April 22, 2019
To: Members of the North Carolina Senate Rules and Operations Committee
From: Americans for Tax Reform (ATR)
Re: ATR Supports Senate Bills 620, 373
Dear Chairman Rabon and Members of the Rules and Operations Committee,
On behalf of Americans for Tax Reform and our supporters across North Carolina, I urge you to support and approve Senate Bill 620 and Senate Bill 373, which would provide commonsense guidelines for localities on electric scooters, while protecting consumers from any overregulation by local governments.
Electric scooters are a win for taxpayers, consumers, and government. They are a promising, cost-effective transportation option for North Carolinians, supplementing existing public and private transportation options, and reaching underserved areas. Scooters have also fostered a growing new sharing economy industry, creating opportunity and investment in the state.
S620 is vital to ensure that these benefits are protected. The bill protects against local governments using excessive fees, or overbearing regulations to take electric scooters out of operation.
Local governments still have plenty of control, with the ability to control speeds in areas like school zones, to determine parking areas, and to impose reasonable fees to pay for the regulation. It also includes an insurance requirement to protect all parties involved, without imposing unmanageable costs on operators.
The bill also provides needed data protections, so that data that is personal and should remain private is not forcibly taken by local governments, who may fail to store it securely.
S373 creates a sensible legal definition for all electronic scooters, avoiding having them senselessly treated like cars or trucks.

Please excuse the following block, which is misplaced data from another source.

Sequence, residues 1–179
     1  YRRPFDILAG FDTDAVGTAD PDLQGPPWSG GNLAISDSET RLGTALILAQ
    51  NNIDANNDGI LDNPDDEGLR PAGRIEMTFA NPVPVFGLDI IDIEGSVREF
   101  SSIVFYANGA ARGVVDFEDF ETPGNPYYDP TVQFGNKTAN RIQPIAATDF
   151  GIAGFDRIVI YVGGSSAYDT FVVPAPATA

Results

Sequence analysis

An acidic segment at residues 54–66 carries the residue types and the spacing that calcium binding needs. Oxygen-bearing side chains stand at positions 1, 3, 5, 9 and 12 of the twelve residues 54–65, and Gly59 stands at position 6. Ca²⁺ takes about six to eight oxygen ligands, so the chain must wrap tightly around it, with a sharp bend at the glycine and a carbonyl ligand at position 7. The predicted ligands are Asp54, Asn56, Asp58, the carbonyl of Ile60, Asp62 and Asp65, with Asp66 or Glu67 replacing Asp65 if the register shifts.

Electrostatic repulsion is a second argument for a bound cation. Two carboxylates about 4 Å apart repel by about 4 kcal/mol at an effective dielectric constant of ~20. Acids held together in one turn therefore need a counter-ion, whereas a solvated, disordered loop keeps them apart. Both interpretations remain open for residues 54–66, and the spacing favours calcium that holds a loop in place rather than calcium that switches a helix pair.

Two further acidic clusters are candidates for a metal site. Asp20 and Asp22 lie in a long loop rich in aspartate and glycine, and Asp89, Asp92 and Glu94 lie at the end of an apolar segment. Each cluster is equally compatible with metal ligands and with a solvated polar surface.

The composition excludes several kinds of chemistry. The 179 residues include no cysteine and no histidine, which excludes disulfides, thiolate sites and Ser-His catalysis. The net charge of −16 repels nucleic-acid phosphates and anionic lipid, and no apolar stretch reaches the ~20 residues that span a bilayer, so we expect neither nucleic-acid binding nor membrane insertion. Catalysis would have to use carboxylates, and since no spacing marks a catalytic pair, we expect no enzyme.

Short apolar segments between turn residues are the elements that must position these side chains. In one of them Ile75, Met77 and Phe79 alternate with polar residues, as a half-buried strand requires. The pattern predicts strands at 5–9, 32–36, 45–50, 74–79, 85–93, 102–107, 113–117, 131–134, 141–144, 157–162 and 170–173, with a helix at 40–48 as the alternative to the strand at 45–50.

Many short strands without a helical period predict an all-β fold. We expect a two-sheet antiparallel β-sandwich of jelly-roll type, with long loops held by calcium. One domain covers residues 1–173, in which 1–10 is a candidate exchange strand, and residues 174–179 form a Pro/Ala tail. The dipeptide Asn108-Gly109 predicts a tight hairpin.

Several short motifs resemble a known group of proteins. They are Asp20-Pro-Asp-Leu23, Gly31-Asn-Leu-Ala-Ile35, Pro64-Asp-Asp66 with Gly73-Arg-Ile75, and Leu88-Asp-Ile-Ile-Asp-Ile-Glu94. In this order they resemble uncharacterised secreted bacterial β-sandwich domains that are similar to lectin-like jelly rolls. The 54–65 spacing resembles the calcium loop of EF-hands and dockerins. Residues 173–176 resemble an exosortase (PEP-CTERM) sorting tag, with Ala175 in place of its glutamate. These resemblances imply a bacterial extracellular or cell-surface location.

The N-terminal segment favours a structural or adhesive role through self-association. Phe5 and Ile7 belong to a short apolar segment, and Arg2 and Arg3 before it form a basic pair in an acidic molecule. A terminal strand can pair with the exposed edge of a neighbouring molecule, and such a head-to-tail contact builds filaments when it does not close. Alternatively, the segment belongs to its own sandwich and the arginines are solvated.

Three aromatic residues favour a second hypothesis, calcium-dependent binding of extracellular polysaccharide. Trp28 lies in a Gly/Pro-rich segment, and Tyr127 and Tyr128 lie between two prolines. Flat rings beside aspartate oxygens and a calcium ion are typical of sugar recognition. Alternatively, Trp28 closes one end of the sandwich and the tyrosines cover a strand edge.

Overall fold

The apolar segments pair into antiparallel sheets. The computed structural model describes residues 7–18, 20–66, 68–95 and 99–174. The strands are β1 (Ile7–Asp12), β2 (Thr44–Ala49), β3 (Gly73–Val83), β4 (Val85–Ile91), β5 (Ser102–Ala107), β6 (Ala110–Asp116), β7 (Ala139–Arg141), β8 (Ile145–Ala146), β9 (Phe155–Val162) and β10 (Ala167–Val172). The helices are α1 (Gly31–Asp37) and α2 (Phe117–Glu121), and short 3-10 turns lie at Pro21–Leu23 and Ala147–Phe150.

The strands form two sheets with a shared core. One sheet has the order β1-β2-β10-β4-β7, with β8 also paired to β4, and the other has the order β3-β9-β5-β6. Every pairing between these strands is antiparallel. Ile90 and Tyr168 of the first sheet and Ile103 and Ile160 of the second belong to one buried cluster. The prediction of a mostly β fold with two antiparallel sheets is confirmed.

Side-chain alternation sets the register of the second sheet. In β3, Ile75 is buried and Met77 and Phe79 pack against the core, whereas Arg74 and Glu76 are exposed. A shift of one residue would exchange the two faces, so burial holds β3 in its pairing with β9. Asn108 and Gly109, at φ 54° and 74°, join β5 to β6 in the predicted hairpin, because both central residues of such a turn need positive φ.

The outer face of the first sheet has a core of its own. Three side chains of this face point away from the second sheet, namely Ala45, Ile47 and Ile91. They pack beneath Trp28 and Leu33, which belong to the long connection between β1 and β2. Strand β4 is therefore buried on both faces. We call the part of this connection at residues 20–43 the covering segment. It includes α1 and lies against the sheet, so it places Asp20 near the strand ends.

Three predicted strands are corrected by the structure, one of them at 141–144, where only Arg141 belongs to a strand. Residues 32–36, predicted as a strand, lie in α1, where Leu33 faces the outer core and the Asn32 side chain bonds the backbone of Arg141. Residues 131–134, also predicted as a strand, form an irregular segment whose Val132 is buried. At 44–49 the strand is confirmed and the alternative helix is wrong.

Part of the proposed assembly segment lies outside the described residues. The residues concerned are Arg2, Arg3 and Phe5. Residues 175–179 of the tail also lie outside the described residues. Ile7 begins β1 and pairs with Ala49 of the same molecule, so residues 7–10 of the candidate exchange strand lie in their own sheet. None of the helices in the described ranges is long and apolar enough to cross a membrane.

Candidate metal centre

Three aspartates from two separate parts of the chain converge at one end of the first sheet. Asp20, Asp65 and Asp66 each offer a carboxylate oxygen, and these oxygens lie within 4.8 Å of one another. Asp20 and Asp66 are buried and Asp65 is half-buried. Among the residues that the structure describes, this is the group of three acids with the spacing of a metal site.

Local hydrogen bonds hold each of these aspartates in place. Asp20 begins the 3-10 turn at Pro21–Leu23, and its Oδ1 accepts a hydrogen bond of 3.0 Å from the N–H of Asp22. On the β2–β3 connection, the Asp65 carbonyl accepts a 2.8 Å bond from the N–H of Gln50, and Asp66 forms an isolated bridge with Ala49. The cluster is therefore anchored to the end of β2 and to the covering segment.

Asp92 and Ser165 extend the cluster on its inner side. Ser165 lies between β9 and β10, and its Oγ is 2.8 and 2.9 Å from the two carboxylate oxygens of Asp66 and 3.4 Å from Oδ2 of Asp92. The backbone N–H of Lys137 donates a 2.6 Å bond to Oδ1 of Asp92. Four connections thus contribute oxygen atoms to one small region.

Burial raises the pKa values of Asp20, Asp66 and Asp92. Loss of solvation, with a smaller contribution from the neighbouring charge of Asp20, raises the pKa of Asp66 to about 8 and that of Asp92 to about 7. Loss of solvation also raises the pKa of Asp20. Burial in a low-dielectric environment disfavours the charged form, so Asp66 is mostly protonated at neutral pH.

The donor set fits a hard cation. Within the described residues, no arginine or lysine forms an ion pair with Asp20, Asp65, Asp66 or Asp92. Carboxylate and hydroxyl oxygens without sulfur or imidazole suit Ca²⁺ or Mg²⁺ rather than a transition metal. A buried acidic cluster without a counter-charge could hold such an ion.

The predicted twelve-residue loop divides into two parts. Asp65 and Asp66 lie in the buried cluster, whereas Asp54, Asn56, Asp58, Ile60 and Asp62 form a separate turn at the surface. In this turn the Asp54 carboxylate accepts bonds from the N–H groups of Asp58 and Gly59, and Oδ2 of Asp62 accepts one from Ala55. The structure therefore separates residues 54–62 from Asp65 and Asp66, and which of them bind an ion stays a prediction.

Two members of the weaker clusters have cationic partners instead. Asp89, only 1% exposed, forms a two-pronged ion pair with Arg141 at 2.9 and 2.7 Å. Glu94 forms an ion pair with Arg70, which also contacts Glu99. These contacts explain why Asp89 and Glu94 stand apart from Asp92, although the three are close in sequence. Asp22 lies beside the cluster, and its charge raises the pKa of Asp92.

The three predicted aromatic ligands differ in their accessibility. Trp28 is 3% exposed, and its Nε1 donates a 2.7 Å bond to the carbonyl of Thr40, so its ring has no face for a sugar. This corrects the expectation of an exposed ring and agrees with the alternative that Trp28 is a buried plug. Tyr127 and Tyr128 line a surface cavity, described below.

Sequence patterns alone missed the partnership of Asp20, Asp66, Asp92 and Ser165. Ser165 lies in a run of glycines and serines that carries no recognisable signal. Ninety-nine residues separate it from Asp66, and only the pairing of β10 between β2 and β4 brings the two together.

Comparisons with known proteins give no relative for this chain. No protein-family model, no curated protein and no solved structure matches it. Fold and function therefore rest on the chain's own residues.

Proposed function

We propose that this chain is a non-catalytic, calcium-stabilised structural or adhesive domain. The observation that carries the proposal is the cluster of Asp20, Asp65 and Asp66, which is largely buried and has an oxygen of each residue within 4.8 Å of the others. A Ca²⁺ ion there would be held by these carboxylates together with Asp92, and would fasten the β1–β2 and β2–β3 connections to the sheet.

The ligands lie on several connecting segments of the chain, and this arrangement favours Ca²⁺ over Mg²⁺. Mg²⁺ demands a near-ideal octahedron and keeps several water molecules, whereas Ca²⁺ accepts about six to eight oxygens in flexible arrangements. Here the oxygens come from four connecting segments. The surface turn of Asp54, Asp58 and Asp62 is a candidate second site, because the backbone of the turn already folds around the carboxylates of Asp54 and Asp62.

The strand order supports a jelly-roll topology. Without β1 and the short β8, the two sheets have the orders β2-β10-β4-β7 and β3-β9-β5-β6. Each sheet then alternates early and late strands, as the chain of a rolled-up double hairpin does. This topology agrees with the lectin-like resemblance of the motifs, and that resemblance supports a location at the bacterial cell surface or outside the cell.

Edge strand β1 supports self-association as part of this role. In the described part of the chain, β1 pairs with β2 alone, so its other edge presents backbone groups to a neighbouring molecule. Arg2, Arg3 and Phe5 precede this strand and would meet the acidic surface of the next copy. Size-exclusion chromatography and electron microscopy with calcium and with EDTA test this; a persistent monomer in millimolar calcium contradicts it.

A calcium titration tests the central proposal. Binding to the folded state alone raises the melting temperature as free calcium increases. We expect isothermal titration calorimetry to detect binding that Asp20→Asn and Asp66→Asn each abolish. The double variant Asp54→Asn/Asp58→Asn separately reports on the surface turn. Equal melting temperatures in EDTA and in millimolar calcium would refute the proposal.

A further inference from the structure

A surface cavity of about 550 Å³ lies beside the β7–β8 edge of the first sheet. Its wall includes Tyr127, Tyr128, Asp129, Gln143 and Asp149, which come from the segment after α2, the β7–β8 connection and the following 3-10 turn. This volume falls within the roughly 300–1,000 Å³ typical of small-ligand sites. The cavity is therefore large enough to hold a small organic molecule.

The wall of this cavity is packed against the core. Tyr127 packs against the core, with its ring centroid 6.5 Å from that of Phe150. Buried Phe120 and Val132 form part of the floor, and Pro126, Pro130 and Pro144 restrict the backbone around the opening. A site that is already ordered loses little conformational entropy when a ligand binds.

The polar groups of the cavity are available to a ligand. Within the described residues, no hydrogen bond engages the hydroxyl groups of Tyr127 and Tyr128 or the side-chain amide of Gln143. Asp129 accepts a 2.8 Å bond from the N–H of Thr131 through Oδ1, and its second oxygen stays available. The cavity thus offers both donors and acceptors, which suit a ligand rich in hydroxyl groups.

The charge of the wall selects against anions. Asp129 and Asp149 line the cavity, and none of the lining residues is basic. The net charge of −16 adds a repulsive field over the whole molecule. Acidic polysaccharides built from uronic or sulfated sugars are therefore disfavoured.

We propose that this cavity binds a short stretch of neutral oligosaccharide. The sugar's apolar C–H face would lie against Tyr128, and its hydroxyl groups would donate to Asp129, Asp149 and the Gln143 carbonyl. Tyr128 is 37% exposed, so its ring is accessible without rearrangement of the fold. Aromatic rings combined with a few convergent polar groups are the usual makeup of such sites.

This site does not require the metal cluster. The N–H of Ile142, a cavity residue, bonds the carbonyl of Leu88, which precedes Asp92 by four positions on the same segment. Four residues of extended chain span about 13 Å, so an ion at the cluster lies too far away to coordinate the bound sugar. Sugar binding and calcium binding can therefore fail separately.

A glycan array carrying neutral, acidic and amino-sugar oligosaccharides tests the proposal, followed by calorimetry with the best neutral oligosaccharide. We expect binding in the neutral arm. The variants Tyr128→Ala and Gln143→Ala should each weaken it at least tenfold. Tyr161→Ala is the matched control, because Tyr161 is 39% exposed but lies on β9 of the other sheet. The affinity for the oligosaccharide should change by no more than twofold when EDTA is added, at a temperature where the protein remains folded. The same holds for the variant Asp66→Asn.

Having basic statewide standards will make it easier for consumers who won’t have to track wildly different rules from city-to-city, or county-to-county.
This is an issue that matters greatly statewide, even if scooters are more prominent in cities. It is in the interest of non-urban areas to ensure market solutions can make transit in cities efficient, and affordable. Especially since this approach costs rural taxpayers nothing. If market solutions do not solve transportation needs in cities, there could be a demand for more state spending on transit in the future.
Regulation and taxation of industry should be overseen by the state. Many emerging technologies and businesses have been irreparably damaged by aggressive local governments.
I thank you for your public service, and urge you to support S620 and S373. If you have any questions, or ATR can be of assistance, please contact me, or Vice President of State Affairs Patrick Gleason at [email protected], or 202-785-0266.
Grover G. Norquist
President, Americans for Tax Reform